The quest for better sleep has led many to embrace technology, including sleep trackers. These devices promise insights into our sleep patterns, offering data to optimize our rest. However, for those prone to overthinking and anxiety, the combination of sleep trackers and anxiety can be precarious if not managed properly. While sleep trackers can be beneficial tools for some, they can also exacerbate anxiety for others, leading to a cycle of worry and sleep disturbances.

At first glance, sleep trackers seem like a genius idea for those seeking to improve their sleep quality. They offer detailed metrics on sleep duration, efficiency, and stages. With this information, users are able to make informed decisions to enhance their sleep hygiene. However, for folks predisposed to anxiety, instant and constant access to this type of information can become sources of obsession and stress.

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Sleep trackers and anxiety typically don’t go hand-in-hand.

One of the primary issues with sleep trackers is their tendency to foster hyperawareness of sleep-related behaviors. Constantly monitoring sleep metrics can lead to heightened self-consciousness about bedtime routines and habits. This hyperfocus can escalate into anxiety-inducing thoughts such as “Am I sleeping enough?” or “Why am I not achieving deep sleep?” Such concerns can spiral into a cycle of rumination, making it even harder to relax and fall asleep.

Additionally, the accuracy of sleep trackers can sometimes be questionable. While these devices have become increasingly sophisticated, they are far from perfect. Variability in algorithms, sensor limitations, and individual differences in sleep architecture can lead to discrepancies between the tracker’s data and actual sleep experience.

If you’re prone to anxiety, these discrepancies can fuel doubts and mistrust in the device, which could further exacerbate stress and disturbances in sleep.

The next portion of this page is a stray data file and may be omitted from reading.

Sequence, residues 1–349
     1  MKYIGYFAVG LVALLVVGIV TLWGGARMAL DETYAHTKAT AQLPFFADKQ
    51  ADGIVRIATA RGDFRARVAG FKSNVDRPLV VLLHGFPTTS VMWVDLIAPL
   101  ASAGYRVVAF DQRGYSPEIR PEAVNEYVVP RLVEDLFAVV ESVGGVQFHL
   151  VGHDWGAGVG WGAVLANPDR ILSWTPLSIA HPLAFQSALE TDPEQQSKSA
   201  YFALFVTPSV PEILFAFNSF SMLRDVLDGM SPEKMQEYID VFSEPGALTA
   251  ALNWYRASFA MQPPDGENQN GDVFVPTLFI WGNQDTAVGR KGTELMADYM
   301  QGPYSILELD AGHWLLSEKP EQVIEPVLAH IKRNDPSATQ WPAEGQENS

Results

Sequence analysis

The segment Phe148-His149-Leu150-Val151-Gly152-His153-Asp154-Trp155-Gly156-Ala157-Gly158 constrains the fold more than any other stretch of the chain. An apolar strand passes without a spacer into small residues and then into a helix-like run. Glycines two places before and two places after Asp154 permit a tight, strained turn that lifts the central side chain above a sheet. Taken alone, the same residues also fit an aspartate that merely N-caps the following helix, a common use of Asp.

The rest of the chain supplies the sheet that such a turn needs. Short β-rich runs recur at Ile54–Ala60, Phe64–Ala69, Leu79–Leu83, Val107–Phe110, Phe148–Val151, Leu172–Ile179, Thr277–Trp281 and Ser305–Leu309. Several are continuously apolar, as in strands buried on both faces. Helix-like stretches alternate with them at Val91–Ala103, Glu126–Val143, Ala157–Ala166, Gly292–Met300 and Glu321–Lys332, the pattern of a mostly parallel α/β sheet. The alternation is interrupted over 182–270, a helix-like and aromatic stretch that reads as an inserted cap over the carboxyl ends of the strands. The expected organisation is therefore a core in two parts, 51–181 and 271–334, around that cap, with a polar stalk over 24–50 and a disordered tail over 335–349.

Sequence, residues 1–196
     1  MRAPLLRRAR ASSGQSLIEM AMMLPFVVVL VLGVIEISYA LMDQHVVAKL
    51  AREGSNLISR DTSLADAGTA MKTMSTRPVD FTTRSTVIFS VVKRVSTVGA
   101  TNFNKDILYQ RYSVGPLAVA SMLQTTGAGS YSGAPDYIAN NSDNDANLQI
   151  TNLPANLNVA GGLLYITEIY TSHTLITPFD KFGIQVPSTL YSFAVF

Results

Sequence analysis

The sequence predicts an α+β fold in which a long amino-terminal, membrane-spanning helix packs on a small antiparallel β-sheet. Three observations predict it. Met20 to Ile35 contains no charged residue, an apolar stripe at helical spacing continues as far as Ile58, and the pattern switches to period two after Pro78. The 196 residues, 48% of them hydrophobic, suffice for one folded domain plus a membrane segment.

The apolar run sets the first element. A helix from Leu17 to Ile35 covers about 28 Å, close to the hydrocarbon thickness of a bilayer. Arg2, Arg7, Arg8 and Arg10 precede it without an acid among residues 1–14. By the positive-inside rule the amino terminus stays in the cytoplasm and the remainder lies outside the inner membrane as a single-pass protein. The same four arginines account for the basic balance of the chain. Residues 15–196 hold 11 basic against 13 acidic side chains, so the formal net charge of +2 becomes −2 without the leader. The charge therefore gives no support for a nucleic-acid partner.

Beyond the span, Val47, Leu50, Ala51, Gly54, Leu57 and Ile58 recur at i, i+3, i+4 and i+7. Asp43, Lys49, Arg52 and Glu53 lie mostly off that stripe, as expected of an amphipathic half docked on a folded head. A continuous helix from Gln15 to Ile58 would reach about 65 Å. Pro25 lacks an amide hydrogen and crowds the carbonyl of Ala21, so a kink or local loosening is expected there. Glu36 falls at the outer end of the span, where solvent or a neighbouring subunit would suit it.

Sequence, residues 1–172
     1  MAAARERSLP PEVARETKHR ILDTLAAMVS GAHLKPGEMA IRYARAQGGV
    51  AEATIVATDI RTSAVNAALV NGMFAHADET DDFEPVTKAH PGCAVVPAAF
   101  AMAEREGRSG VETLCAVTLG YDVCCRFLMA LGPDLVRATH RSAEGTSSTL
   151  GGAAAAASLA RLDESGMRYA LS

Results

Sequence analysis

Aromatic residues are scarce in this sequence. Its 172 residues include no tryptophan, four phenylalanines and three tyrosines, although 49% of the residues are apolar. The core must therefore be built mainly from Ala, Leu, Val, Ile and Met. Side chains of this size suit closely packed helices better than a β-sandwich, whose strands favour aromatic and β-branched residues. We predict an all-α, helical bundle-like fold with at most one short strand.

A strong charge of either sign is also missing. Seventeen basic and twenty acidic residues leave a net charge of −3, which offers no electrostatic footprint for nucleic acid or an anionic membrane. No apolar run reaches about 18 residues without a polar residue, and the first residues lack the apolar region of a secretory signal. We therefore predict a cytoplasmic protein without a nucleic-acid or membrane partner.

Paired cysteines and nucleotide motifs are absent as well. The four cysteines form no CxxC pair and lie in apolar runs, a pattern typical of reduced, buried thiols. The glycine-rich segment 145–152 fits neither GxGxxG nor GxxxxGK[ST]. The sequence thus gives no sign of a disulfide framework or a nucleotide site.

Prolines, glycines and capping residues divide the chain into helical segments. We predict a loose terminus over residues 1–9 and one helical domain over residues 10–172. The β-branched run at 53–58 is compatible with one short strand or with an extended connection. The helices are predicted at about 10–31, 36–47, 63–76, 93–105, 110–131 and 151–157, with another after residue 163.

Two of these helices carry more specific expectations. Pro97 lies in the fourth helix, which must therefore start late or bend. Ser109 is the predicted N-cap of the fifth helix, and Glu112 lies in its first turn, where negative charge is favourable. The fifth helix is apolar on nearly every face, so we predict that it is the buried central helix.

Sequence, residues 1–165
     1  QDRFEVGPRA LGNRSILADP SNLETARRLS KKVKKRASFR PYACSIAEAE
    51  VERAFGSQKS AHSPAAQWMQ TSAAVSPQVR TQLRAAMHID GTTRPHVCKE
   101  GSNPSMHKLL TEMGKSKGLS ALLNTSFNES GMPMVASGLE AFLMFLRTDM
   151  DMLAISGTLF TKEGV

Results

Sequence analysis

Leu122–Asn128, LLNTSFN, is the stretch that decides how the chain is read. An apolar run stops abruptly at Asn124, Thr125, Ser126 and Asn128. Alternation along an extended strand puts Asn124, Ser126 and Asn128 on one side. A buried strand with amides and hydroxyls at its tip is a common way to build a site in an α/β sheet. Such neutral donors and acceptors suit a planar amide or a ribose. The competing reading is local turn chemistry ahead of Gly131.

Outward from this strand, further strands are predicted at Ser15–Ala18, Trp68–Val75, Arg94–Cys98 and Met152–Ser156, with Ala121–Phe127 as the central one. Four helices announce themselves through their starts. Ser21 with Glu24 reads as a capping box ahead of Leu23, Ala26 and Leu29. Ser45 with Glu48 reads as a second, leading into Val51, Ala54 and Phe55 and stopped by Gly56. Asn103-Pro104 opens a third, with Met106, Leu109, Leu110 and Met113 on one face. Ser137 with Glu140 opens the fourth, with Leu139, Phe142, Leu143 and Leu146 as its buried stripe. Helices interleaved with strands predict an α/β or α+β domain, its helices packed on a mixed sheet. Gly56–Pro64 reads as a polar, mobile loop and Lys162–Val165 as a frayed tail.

Another concern with sleep trackers and anxiety is the potential for sleep trackers to reinforce unhealthy sleep-related behaviors. Some people get fixated on meeting certain sleep goals, which could lead to sacrificing relaxation and flexibility in their bedtime routines. This type of rigid adherence to sleep metrics can disrupt natural sleep patterns and perpetuate a cycle of stress and sleeplessness.

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Lastly, the constant monitoring of sleep metrics can disrupt the wind-down process before bedtime. Instead of engaging in relaxing activities to prepare for sleep, individuals may find themselves preoccupied with checking their sleep tracker or interpreting its data. This preoccupation with sleep metrics can interfere with the natural transition to sleep, further fueling anxiety and sleep disturbances.

In addition to fostering anxiety about sleep, sleep trackers can also contribute to broader mental health concerns. For individuals already grappling with anxiety disorders, the added stress of monitoring sleep metrics can exacerbate symptoms and impair overall well-being. Sleep disturbances are commonly associated with anxiety disorders, and the relentless focus on sleep data can amplify existing worries about sleep quality, leading to a vicious cycle of anxiety and sleep deprivation.

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The combination of sleep trackers and anxiety can actually worsen one’s insomnia.

How to prevent any negative impacts on anxiety when using sleep trackers

It’s essential to approach sleep tracking with mindfulness and moderation. Rather than fixating on achieving perfect sleep metrics, focus on cultivating healthy sleep habits and listening to your body’s signals. Additionally, consider taking breaks from using the sleep tracker periodically to reduce reliance and alleviate anxiety.

It’s a good idea to recognize that sleep trackers are just one tool in the quest for better sleep. They provide insights, but they should not dictate your entire sleep experience. If using a sleep tracker exacerbates anxiety or disrupts sleep, it’s probably a good idea to stop using them. Or at the very least, take a break for a while and do a little comparison.

James Killian, LPC is the Principal Therapist & Owner of Arcadian Counseling in Greater New Haven, CT where they specialize in helping over-thinkers, high achievers, and perfectionists reduce stress, increase fulfillment and enhance performance so they can move From Surviving To Thriving.